Ticks are found in all 50 states, but different species are present in different areas, and your location affects the risk of encountering disease-carrying ticks. You can search the TickEncounter field guide to see which ticks are in your area and better understand the risk of disease if a tick gets on your pet.
Mather emphasizes the importance of understanding the risk where you live and play. “A paper that just came out tested 11,000 American dog ticks from New Hampshire [and] not one of them was infected with Rocky Mountain Spotted Fever,” he says, while “1 in 2 black-legged ticks in the Northeast, upper Midwest, and Middle Atlantic states are carrying the Lyme disease germ. So the risk is really different depending on the tick, which is why we like people to understand that…ticks aren’t just one flavor.”
How to Protect Pets Against Ticks
Yes, ticks are typically a part of any dog’s life at any given time, but there are things you can do to help protect your pup.
Perform Regular Checks
Ticks prefer to attach to areas that are dark, moist, and have less hair, according to Nichelason. You should always do a “tick check” of your dog’s entire body after they spend time outside; pay special attention to your dog’s head and ears, groin, and armpits, as well as between their toes and at the underside of their tail. Not all ticks will be easy to find.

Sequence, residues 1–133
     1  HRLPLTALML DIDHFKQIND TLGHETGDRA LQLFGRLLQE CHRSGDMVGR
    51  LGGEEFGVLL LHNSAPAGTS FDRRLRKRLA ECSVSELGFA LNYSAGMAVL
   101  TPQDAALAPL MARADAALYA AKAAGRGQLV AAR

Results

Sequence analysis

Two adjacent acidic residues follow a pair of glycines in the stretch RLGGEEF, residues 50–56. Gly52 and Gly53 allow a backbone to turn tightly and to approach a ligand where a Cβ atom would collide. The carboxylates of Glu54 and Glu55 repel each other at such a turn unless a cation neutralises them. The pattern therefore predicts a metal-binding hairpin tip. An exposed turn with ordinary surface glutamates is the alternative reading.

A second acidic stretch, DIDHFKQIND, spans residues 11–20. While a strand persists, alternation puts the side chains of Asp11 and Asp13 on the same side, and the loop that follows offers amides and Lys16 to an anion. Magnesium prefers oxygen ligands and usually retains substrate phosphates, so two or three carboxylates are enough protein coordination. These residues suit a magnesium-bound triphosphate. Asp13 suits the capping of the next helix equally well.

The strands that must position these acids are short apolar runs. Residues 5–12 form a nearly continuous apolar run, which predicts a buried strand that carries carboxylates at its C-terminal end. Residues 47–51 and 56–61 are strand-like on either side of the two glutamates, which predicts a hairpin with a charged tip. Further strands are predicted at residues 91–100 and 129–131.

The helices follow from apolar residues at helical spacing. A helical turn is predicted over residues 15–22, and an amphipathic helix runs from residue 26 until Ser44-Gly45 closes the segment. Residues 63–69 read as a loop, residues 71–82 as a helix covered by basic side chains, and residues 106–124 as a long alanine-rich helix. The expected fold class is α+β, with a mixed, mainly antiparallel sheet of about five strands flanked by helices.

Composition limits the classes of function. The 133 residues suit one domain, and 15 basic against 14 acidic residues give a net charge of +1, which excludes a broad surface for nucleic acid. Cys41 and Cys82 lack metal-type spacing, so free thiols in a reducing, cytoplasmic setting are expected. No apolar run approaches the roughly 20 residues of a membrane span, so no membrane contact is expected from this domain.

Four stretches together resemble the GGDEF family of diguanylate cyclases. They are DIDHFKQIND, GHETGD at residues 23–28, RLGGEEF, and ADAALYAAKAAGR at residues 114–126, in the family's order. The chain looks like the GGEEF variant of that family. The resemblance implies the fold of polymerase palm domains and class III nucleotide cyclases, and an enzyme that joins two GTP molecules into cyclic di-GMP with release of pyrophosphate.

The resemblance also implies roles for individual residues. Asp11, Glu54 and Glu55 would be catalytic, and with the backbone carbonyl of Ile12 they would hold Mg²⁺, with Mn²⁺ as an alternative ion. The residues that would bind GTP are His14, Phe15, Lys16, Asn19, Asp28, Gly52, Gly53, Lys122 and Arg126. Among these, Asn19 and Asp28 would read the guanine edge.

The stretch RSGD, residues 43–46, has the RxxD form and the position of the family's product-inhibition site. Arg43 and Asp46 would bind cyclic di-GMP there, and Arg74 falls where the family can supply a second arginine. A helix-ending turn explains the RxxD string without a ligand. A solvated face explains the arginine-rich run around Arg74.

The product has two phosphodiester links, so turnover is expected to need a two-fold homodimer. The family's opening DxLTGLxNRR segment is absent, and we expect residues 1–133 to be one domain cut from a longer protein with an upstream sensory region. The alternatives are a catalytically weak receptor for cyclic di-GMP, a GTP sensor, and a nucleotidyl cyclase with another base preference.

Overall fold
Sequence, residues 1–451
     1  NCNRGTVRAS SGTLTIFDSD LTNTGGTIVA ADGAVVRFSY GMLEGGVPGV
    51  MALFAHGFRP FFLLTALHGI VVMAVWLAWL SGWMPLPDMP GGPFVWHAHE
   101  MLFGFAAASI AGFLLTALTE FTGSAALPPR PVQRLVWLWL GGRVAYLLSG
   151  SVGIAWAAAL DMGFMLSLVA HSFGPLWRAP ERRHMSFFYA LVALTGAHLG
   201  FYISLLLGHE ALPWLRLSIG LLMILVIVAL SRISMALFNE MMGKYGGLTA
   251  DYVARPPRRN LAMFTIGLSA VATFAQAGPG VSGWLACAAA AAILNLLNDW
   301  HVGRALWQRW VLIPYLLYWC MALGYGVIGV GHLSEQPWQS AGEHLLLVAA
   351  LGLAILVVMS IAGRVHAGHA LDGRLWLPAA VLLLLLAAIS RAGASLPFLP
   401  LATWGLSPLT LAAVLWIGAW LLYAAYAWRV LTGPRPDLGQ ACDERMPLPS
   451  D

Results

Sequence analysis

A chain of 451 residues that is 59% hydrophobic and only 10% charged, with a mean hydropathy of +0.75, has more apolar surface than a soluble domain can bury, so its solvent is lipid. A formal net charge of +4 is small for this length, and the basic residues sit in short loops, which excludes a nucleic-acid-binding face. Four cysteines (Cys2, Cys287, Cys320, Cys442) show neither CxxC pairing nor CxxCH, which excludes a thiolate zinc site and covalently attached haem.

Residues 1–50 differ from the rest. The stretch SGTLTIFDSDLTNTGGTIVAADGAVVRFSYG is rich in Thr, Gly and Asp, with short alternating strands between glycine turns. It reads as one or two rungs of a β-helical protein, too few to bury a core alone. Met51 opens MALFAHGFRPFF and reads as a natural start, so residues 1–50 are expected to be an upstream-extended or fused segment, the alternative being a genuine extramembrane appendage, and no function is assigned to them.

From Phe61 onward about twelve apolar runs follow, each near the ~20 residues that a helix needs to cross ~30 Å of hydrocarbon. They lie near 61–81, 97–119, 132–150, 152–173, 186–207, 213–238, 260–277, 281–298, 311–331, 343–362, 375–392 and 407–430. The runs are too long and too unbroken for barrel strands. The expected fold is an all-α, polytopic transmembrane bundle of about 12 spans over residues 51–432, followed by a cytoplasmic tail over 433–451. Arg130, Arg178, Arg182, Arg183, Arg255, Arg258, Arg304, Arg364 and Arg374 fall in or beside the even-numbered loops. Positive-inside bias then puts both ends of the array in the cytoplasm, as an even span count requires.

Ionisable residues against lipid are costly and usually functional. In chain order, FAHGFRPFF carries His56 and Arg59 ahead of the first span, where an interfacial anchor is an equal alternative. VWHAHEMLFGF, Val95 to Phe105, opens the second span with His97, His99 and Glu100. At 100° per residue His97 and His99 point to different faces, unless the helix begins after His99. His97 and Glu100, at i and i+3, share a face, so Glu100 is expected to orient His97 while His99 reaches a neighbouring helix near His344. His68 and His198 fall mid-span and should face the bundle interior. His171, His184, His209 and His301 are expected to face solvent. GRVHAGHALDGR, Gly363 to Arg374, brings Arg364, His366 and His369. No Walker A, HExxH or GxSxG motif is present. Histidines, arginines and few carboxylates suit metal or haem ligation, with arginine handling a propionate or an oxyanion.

“We have to be proactive with our preventative therapies because some ticks…can be about the size of a poppyseed and they can hide out in areas where we may have a harder time finding them,” Nichelason adds.
If you do find a tick, remove it. Using tweezers, get as close to the skin as possible and pull straight out in one motion. Don’t leave the head behind. Then, kill or flush the tick down the toilet.
Use a Tick Preventative
Tick preventatives are the best way to protect your pet. The active ingredient in oral or prescription topical tick preventatives gets into your dog’s bloodstream; when the tick attaches and starts feeding, the medication then goes into the tick’s bloodstream and kills them. Fortunately, now tick prevention is frequently included in all-in-one pills to prevent internal and external parasites.
“Typically, depending on the tick-borne disease, it takes 24 to 48 hours after the tick attaches and starts feeding before they transmit disease,” says Nichelason. “The purpose of the preventative is that it kills the tick before that can happen.”
Some dog owners only use preventatives seasonally, but it’s important to protect your dog all year long. Any time the ground thaws, ticks can activate and try to get a bloodmeal. In warmer areas of the country, ticks can be active year-round outdoors.
Mather also notes that the brown dog tick is a species that can survive in your home, presenting a year-round risk.
Stay On Top of Landscaping
You can cut the grass short, remove leaf litter, use gravel or wood chips to create a 3-foot-wide barrier between your yard and wooded areas, and keep wood piles stacked neatly to reduce the chances of ticks inhabiting your yard.
The better you understand tick behavior and the more vigilant you are, the easier it will be to prevent ticks on pets.